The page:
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Arctic Inspiration Prize’s $1M goes to Inuit mental wellness project

Representatives of Pilimmaksaijuliriniq collect the Arctic Inspiration Prize in February 2023
Representatives of Pilimmaksaijuliriniq collect the Arctic Inspiration Prize in February 2023. Photo: AIP

A mental health project spanning Inuit Nunangat won the million-dollar Arctic Inspiration Prize on Wednesday, while two other NWT-related projects won $550,000 between them.

The Arctic Inspiration Prize gives several million dollars annually to ideas that aim to advance northern education, health, culture and science. Ordinarily, one project takes the million-dollar grand prize and others receive smaller sums.

At a ceremony in Ottawa, Pilimmaksaijuliriniq – an Inuit-led program to build mental wellness supports across the Inuvialuit Settlement Region and other areas – took this year’s main prize.

The Ilitaqsiniq Nunavut Literacy Council has said the project will allow the council to build more mental health supports and traditional Inuit concepts of wellness into its programs.



Kuugalak, a “cultural campus” being developed in Cambridge Bay that formed the other contender for $1 million, missed out.

Lessons from Our Elders, a project led by the Gwich’in Tribal Council’s Sharon Snowshoe, won $450,000. The project plans to help young people across 10 communities visit museums, learn about 3D scanning technology and the creation of digital copies of objects, then interview Elders who can place artifacts in their cultural context – ultimately creating a virtual exhibition.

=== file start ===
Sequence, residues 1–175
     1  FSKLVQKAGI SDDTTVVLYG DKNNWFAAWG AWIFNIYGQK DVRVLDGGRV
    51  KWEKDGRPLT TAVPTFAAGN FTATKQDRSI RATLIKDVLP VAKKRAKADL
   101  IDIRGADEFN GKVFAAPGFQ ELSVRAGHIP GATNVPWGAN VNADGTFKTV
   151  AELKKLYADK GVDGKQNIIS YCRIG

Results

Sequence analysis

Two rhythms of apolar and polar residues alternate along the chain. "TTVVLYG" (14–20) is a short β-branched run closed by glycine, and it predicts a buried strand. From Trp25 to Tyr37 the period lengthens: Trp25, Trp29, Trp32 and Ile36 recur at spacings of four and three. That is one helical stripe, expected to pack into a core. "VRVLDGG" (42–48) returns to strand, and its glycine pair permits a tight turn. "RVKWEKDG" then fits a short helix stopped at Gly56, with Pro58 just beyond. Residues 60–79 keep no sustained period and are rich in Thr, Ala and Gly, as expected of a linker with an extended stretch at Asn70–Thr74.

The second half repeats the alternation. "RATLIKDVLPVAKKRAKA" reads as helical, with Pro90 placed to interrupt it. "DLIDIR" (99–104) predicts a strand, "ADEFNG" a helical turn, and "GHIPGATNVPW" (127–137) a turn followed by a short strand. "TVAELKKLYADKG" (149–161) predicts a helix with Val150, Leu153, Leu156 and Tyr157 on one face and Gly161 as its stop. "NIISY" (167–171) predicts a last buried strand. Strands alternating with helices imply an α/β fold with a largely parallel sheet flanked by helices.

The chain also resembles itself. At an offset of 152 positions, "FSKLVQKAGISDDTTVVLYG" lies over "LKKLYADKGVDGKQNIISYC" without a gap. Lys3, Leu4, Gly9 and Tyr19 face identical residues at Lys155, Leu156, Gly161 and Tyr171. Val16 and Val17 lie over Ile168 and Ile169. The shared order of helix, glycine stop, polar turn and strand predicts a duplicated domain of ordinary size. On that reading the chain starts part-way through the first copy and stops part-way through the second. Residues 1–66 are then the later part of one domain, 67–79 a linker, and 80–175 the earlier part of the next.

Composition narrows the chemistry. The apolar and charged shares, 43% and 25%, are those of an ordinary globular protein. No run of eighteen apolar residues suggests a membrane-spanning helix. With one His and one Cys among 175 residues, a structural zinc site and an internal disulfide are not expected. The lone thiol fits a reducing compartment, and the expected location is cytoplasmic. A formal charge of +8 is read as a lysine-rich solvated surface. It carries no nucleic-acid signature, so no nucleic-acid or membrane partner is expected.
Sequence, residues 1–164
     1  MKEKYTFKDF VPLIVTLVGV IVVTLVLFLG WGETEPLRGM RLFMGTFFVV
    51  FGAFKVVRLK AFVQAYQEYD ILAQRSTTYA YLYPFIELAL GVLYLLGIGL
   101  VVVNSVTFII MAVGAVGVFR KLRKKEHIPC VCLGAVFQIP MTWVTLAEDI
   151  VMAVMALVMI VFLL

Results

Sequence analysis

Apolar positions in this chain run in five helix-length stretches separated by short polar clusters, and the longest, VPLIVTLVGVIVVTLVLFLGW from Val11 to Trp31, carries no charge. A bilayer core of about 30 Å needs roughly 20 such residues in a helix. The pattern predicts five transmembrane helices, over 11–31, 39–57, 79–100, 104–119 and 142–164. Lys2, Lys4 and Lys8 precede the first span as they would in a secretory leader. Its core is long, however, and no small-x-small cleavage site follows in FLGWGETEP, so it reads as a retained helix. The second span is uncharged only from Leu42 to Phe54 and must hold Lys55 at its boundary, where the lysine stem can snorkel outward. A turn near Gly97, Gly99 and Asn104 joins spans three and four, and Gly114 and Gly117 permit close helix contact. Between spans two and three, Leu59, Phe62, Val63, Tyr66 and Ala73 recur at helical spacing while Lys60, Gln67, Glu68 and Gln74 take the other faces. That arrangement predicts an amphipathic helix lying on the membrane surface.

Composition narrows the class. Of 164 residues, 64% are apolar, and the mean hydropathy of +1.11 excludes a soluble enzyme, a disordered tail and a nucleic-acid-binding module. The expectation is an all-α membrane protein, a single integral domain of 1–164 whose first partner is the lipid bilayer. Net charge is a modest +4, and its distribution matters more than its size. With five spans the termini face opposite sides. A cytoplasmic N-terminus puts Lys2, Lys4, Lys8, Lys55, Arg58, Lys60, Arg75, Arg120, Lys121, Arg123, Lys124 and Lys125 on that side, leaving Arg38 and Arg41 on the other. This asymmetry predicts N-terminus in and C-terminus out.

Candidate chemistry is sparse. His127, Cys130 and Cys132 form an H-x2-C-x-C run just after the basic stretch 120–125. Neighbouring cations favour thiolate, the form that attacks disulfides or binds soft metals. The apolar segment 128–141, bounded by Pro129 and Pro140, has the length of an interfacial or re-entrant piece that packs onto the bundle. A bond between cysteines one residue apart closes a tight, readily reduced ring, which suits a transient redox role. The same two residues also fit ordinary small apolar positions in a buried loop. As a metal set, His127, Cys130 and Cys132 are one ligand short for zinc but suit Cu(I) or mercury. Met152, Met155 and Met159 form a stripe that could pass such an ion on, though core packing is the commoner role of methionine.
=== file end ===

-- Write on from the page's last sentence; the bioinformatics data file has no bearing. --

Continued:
Inuvialuit Piuyausiq, a youth development program in Tuktoyaktuk ahead of a circumpolar Northern Games celebration in Inuvik, received $100,000.

Non-NWT winners each taking home $500,000 included a Yukon-based project offering “intensive and ongoing aftercare support following attendance at treatment programs” and a project that will help to grow Nunavik’s capacity to manage its own research.



Alongside Tuk’s win in the youth category, there was $100,000 for an Iqaluit youth collective seeking to increase Inuit representation in advertising and other forms of media, and a further $100,000 for a Whitehorse school-based traditional camp.

In all, $2.7 million was awarded on Wednesday. Of the eight shortlisted projects, only losing million-dollar contender Kuugalak received nothing.

In recent years, the Arctic Inspiration Prize has expressed concern that it is struggling to attract enough applications to give away all of the available funding each year, particularly in the youth category.

Organizers said in 2021 they ideally want to fund up to seven youth projects a year, but only two youth applications met that year’s criteria. This year, three youth projects received funding.